Warning to landlords cutting corners on safety as homeowner is fined

Housing and rental
Housing and rental

A woman who was caught renting out her property to tenants without a licence has been prosecuted by Dacorum Borough Council.

Shirley Bunker, of Washington Avenue, was also found guilty of a string of regulation breaches under the Housing Act – and the authority hopes her conviction will serve as a warning to other landlords operating in the same way.

Mrs Bunker, who owned the house in multiple occupation, was fined £3,400 for operating the premises without a licence and £500 for non-compliance with an improvement notice, with further fines for failing to ensure that required safety standards were met and sufficient amenities were provided – including fire and food safety provisions.

She was ordered to pay a total of £10,520, including legal costs of £3,500 and a £120 victim surcharge.

Nicholas Egerton, environmental protection and housing team leader for regulatory services at the local authority, said: “A house in multiple occupation licence is required if there are five or more people forming two or more households and the property has three or more storeys.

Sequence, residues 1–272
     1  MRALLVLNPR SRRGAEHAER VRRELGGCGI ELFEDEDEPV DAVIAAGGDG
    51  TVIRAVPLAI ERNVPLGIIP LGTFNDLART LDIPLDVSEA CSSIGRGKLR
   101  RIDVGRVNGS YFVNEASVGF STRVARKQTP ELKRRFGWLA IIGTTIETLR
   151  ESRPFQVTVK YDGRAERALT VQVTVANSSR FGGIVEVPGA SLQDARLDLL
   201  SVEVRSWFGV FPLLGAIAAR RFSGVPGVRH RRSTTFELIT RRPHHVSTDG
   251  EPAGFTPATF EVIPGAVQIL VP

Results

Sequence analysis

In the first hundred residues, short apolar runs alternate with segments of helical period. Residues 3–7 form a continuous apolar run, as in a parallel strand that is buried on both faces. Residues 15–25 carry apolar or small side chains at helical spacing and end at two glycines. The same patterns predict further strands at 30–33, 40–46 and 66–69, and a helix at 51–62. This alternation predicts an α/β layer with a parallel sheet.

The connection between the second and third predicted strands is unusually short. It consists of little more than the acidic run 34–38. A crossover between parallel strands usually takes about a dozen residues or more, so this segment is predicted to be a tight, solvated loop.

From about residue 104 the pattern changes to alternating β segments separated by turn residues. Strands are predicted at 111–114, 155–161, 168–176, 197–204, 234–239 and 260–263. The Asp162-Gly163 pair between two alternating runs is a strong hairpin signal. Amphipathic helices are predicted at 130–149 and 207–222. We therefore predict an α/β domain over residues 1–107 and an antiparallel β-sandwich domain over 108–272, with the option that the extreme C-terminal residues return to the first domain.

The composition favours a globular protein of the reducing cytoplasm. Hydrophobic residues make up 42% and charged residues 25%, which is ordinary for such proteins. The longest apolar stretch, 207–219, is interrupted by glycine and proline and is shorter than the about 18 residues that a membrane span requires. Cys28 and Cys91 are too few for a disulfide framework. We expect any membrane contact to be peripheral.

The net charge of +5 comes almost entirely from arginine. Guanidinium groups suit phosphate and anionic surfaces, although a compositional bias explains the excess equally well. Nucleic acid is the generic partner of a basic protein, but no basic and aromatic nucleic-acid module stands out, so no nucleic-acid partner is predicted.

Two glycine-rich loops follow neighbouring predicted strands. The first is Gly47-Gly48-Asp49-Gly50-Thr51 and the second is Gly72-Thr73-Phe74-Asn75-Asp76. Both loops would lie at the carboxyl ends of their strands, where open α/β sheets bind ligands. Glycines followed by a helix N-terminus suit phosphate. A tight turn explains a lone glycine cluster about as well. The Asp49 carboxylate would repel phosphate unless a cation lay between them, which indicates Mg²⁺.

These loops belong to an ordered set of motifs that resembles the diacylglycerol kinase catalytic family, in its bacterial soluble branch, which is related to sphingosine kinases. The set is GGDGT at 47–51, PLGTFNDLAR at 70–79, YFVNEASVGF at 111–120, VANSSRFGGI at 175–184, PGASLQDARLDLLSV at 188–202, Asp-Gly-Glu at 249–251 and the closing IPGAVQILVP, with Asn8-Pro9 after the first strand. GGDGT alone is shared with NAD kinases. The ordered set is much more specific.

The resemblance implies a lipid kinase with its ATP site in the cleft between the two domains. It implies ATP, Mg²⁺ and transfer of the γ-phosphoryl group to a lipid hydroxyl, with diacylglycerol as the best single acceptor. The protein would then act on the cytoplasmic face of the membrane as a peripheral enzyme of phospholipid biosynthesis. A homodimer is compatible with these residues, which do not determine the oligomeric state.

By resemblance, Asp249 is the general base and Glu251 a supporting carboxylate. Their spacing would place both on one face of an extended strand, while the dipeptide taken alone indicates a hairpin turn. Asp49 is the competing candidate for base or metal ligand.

“In order to obtain a licence to operate a HMO, Mrs Bunker would have needed to carry out works to her property to ensure it was suitable to rent to tenants.

“Despite many warnings and a previous prosecution for a similar offence, no licence was obtained for the premises or any of the works carried out. We have now taken over management of the property for a 12 month period via an interim management order.

“The council will ensure the premises are bought up to a suitable standard and will recover all costs from the owner.”

Cabinet member for residents and regulatory services Neil Harden said: “The Council takes the safety of tenants in the private rented sector very seriously.

“Whilst Environmental Health Officers work closely with private sector landlords to ensure appropriate standards within HMOs, sometimes it is necessary to take enforcement action. We hope this sends a strong message to any private sector landlords who might be tempted to cut corners at the expense of tenants’ safety.”

For advice on houses in multiple occupation, click here.